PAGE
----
The Half Shekel
In the center of the obverse is the Machtah Kesef - Silver Firepan. Restored by The Temple Institute 1987. "And the firepans, and the basins, and such things as were of gold, of gold, and of silver, of silver... " (2 Kings 25:15)
Above the Machtah Kesefappears the date, in ancient Hebrew letters taken from the coinage of the First Rebellion (65-70 CE); "Shin Samech" standing for "Shanah 'Samech Alef" (61st Year). As we have no custom of dating our coinage by foreign calenders, nor even from Creation, we took the example of our predecessors and dated our ceremonial coin from the Liberation of the Land of Israel. This year's coin, minted to be given on Purim of 2009, will open the 61st Year celebrations of the State of Israel.
Below the Machtah Kesef appear the words "Lo Heilech Chuki" (Not Legal Tender), to satisfy the needs of the Bank of Israel Law that we are not producing a currency substitute.
The legend along the right side of the coin reads "V'Natnu Ish Kofer Nafsho L'Hashem" ("And every person shall give an atonement for their soul to G-d") [Exodus 30:12], and continues with "Machatzit Hashekel B'Shekel Hakodesh" ("Half a Shekel of the Holy Shekel") [Exodus 30:13]
The same wording appears in the ancient Hebrew script as the legend along the left side of the coin. We did this as a continuation of our ancestors' custom of retaining the ancient script on our independent coinage, even after that script has been superceded by another version, as was the case with the First and Second Rebellion coins.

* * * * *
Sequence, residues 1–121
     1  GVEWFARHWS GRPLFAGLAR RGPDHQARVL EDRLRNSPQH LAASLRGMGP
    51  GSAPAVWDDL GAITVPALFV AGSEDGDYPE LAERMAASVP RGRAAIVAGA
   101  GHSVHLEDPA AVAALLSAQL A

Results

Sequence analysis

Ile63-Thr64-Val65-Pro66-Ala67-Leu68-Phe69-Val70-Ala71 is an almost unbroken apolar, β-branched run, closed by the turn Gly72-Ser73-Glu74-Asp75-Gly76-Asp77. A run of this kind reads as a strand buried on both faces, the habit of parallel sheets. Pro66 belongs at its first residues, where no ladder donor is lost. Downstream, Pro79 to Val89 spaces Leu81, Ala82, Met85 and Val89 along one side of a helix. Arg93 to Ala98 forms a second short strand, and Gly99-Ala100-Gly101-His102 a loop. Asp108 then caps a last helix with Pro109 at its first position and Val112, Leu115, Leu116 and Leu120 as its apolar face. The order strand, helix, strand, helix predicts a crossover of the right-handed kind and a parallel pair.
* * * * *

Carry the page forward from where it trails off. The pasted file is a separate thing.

The King of Israel reading the Torah before all the nation
at the Hakhel ceremony on Sukkoth following
the Shmitah year based on a painting by the Temple Institute. "And Moshe commanded them, saying, At the end
of every seven years, in the time of the year of release, in the Feast of Tabernacles, when all Israel
is come to appear before the Lord thy G-d in the place which He shall choose, thou shalt read this Torah
before all Israel in their hearing. Gather the people together, men and women, and children, and thy
stranger that is within thy gates, that they may hear, and that they may learn, and fear the Lord your G-d,
and observe to do all the words of this Torah: and that their children, who have not known anything, may hear,
and learn to fear the Lord your G-d, as long as you live in the land whither you go over the Jordan to
The legend across the top reads "Heasher Lo Yarbeh, V'Hadal Lo Yamit" ("The rich shall not give more, nor the poor less".) [Exodus 30:15]
The legend across the bottom reads "L'Shem Ichud Klal Yisrael" ("For the sake of the unity of the whole House of Israel") [Beged Ivri]